Outside of large international politics, even politics on the smaller scale seems motivated by fear to me. During the talk last week on "Does Democracy Matter?" Dr. Erfani encouraged us to be involved and active in democracy in more ways that just voting. One reason this is a rarity may be laziness or ignorance as to how to get involved, but I would argue a third reason is fear. People are afraid to face to problems in the world, and the problems in democracy itself, because it is all so overwhelming. It's so much easier to say that your small contribution wouldn't really matter, and just step back, than it is to really face the world with your eyes wide open. Dealing with all of these problems would bring up so many fears, that sometimes it's easier to stay away from them. I am no different than this, I'm afraid of what's happening to world culture, of what's happening in human relations, in religion, in countries far away with conflicts going on that I can' t even fathom. 

Fear holds people back, and causes decisions to be made less rationally oftentimes. At the same time, fear is not usually unfounded, and a certain amount of fear is healthy. I just believe that when fear is used as a weapon, like it is oftentimes in politics over the world, it stunts progression. 

Sunday, November 2, 2008

Power through Modern Communication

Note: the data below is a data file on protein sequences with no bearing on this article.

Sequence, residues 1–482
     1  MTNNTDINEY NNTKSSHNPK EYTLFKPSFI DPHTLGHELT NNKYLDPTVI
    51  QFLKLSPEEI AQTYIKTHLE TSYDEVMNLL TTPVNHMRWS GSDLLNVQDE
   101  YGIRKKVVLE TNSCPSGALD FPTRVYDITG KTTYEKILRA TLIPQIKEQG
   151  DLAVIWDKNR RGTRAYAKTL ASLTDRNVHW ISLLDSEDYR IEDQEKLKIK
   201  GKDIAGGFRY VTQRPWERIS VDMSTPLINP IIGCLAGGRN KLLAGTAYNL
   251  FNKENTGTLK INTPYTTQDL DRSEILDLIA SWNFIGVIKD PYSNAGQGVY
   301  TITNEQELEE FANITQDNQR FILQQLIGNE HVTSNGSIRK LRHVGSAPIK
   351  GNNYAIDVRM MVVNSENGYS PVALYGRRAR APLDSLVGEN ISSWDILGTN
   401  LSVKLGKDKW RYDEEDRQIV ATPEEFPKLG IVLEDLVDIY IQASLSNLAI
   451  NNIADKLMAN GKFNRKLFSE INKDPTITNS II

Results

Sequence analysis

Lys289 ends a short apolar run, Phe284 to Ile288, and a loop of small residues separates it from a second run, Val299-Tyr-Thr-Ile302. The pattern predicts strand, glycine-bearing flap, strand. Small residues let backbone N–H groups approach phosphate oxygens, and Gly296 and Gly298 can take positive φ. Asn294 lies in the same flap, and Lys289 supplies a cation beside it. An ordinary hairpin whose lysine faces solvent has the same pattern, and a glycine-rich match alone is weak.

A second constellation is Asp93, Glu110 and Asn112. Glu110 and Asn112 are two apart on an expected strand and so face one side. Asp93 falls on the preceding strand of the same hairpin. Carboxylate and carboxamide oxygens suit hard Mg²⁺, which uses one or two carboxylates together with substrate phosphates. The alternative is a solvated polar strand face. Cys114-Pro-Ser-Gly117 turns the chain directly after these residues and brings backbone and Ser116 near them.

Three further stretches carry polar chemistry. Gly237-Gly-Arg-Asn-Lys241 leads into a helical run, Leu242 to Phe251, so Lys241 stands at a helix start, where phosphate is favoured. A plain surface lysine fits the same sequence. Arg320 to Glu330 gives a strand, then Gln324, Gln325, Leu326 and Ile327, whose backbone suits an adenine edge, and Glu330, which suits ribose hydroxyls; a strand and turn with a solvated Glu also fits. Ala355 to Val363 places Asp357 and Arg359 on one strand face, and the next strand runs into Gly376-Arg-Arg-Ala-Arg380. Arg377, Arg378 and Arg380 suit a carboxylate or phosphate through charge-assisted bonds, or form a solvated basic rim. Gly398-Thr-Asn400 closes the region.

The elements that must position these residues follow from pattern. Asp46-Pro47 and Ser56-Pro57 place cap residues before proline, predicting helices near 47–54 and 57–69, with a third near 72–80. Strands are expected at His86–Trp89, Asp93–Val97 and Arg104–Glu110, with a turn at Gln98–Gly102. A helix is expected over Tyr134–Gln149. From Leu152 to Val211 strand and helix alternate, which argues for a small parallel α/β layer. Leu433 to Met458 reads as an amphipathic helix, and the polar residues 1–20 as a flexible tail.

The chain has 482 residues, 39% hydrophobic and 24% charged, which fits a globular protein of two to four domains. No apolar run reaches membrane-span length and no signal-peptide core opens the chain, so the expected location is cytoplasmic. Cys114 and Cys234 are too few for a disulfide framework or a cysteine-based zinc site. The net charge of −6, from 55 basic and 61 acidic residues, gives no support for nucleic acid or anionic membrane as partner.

An article I read recently in Comparative Politics entitled “Bin Laden, the Arab ‘Street’, and the Middle East’s Democracy Deficit”, by Dale Eickelman, stood out to me as something worth discussing in our philosophy class, because it focused largely on power. Bin Laden, in our minds, is simply a symbol of terrorism, but to his targeted Middle Eastern audience, he conveys so much more. He is an icon in the modern world of media, trying to convey himself as a traditional Islamic warrior. His messages contain many secular elements, which appeal to his targeted audience- the Arab youth, the unemployed, and the poor. “He speaks in the vivid language of popular Islamic preachers, and builds on a deep and widespread resentment against the West and local ruling elites identified with it”(Eickelman). He blames the suffering of the people on American brutality against Muslims. He focuses on themes of oppression and corruption, which are themes that even non-religious people can relate to. He is charismatic and controlled. He even has a major TV logo in the corner of his broadcasts that add to his message’s authenticity, much like an ABC or CNN logo would in American media. Sounds like the majority of politicians we witness daily, right? That’s because to his audience he does play a similar role. His mastery in modern propaganda can be likened to that of political campaigning in the United States. Bin Laden’s audience does not judge him on his ability to cite authoritative texts, but rather on his skill in applying generally accepted religious tenets to current political and social issues. In other words, he knows how to play to his audience.